In a wide-ranging interview with the National Review, Rep. Paul Ryan (R-WI) expressed his optimism about Republicans’ political position in the wake of President Barack Obama’s reelection. “Conservatives have a better chance of triumphing,” Ryan said, after the Patient Protection and Affordable Care Act of 2010 (“Obamacare”) is fully implemented in the coming months.
“So just because the election didn’t go our way, that means we’re supposed to change our principles? We’re supposed to just go along to get along? We reject that view,” Ryan told National Review’s Andrew Stiles when asked about his proposed budget which includes the GOP’s insistence that the ACA be fully repealed.
“A budget is supposed to be a display of your vision,” he adds. “Our vision is a world without Obamacare.”
Somewhat counter-intuitively given Obama’s recent and commanding reelection victory, Ryan said that the Republicans are actually “much better positioned” to advance their political agenda in the president’s second term.
“I think it’s different now that the rubber is hitting the road with respect to Obama’s policies,” Ryan says. “We ran against the Obama policies before they were implemented. Obama was able to protect them with his rhetoric, but he was never measured against his results. Now, in the second term, they’re implementing these things, they’re putting details in writing, regulations are coming out, and we’re seeing just how different these proposals are than the rhetoric that was used to sell them.”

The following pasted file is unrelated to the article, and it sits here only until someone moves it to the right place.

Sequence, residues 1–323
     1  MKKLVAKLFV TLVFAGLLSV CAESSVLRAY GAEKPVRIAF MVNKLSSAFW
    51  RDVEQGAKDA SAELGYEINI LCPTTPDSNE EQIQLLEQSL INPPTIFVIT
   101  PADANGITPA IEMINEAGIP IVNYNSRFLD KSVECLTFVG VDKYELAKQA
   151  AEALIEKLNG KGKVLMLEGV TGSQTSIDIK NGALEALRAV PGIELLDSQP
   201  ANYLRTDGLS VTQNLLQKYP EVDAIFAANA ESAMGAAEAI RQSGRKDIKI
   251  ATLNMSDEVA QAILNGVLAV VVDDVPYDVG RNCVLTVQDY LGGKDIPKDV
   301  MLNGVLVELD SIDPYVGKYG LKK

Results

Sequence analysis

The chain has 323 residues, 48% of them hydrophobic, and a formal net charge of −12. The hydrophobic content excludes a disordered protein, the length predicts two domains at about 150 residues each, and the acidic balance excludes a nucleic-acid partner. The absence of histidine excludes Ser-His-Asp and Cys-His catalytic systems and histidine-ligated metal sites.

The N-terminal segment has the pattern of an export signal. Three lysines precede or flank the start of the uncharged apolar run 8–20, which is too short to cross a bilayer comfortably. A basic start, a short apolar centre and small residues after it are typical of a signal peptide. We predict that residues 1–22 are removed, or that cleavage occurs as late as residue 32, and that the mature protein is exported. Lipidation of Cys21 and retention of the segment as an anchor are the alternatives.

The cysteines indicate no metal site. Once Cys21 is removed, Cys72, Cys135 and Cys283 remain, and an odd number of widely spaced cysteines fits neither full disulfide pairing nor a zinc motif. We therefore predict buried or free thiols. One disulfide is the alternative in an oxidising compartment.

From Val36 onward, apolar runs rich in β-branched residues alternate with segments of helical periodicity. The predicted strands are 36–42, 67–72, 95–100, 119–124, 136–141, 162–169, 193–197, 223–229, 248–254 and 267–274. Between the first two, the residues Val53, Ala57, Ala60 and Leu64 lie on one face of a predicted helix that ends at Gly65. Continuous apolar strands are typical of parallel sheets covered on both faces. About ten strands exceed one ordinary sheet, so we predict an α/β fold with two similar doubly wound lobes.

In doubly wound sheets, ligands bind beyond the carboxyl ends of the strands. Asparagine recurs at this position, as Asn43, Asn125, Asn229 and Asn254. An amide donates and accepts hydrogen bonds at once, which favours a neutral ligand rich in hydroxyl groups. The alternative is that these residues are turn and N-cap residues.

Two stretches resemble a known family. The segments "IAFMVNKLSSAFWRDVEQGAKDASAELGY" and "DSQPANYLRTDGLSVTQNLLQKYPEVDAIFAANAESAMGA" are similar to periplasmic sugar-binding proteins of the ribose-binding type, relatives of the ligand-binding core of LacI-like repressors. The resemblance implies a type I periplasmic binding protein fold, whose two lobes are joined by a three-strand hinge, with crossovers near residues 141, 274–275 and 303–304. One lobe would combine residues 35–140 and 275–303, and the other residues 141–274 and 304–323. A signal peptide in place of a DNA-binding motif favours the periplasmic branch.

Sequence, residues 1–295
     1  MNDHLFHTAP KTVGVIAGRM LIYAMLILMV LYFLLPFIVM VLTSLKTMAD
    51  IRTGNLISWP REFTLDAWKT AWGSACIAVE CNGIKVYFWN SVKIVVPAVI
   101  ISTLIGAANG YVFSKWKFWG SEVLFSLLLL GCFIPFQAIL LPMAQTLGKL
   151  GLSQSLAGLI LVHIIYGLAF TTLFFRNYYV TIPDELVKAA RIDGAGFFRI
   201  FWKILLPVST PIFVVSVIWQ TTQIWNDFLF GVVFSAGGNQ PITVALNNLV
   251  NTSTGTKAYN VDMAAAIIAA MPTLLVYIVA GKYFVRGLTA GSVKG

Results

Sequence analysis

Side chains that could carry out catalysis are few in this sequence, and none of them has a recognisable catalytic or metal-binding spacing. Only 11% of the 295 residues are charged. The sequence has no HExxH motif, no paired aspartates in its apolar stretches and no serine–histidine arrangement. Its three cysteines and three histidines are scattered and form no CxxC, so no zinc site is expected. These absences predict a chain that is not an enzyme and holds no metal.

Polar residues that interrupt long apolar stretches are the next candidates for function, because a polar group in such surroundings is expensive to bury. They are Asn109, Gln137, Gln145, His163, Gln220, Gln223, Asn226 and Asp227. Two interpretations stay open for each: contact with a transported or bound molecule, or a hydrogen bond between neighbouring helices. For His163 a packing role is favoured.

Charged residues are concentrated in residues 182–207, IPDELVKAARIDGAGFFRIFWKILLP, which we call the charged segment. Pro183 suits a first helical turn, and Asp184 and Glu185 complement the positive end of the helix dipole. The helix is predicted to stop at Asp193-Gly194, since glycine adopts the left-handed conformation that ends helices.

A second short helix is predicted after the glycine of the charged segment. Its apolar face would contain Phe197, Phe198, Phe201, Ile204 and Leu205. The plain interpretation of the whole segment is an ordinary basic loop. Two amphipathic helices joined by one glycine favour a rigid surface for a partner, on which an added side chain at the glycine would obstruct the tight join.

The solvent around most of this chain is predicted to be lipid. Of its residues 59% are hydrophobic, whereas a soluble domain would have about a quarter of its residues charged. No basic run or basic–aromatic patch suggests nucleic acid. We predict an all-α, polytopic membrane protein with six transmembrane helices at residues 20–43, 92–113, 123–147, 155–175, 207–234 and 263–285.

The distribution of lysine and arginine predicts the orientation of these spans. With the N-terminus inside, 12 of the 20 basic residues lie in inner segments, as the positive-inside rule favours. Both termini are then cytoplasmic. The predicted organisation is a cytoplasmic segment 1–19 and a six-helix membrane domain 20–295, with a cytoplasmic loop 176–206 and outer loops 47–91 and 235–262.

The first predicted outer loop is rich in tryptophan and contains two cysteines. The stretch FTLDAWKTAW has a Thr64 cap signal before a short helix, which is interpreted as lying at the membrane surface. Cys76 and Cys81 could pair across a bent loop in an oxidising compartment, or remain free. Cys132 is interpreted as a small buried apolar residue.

“I see balancing the budget as a means to the end. And the end to me is a more flourishing economy, is improving the lives the people,” Ryan continued. “I don’t want to say we’re going to enjoy going around the country saying ‘I told you so,’ but we’re going to have to say ‘I told you so, and here’s a better way.’”
“I don’t see this last election as the end of this story,” he says. “I see it as a chapter in this story. A story for the fight over the soul of America, and I believe that the chapter we’re entering is one where conservatives have a better chance of triumphing, because the president’s actual proposals don’t add up and people are going to see that.
Read the full interview via National Review Online
Have a tip we should know? firstname.lastname@example.org